The World Today for April 26, 2022
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Desperate, and Cursed
Schoolteacher Agnes Felician has been protesting lately against the policies of President Gotabaya Rajapaksa. But she also took to the streets recently to demand justice for the estimated 270 people who died when bombers attacked three churches and numerous hotels in the country in 2019.
Since then, as a trial of the alleged bombers winds slowly through the Sri Lankan courts, Rajapaksa has steered the country’s economy into a severe crisis, says Felician. She thinks he should resign. “A curse has befallen this government,” Felician told Al Jazeera. “After the Easter Sunday bombings, nothing has worked for this country and the opportunist leaders are cursed. They have blood on their hands for their failure to deliver justice.”
Felician might just get her wish. On Monday, officials from Sri Lanka’s main opposition party said “they have garnered more than the required 113 signatures from lawmakers to introduce a no-confidence vote against the government,” Bloomberg reported. That is raising the stake for the two Rajapaksa brothers who rule the country, the news outlet opined.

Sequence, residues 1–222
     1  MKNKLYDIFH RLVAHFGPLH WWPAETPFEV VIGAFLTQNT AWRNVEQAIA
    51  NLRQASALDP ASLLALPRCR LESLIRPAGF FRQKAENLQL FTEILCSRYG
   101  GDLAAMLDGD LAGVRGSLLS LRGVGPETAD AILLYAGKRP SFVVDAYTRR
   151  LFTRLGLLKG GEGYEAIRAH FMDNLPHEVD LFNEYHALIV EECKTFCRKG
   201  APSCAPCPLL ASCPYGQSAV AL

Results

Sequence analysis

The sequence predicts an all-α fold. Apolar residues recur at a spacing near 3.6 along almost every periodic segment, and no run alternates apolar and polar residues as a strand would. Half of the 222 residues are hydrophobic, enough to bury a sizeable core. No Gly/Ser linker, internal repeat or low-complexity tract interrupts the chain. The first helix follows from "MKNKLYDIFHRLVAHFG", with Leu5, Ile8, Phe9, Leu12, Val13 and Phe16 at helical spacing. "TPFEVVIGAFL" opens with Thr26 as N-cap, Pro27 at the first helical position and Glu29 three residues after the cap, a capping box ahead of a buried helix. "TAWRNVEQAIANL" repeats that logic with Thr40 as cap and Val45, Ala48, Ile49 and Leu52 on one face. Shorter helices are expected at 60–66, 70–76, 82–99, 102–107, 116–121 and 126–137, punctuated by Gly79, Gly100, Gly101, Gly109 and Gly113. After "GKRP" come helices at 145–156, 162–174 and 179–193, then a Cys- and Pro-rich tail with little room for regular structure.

Already, tensions are rising. Clashes recently erupted between drivers and police on the island in the Indian Ocean as drivers formed long lines at gas stations, Reuters reported. The violence comes after waves of largely peaceful demonstrations against Rajapaksa amid rising inflation and shortages of fuel, medicine and other essentials. The country’s biggest retail fuel distributor recently hiked prices by 65 percent.
Human rights experts have asked for an investigation into a recent police shooting connected to the unrest, added the Associated Press. Footage of police firing into crowds has sparked indignation over the incident. Police said they needed to take drastic action to maintain peace.
Sri Lanka’s crisis is connected to the war in Ukraine, noted the Washington Post. The country was already facing economic turbulence due to debt-financed spending, tax cuts, poor farming policies and a plunge in tourism due to Covid-19. The Sri Lankan state recently defaulted on $51 billion of foreign debt, for example. But the war sent fuel and food prices soaring, ratcheting up the pressure on Sri Lankan consumers.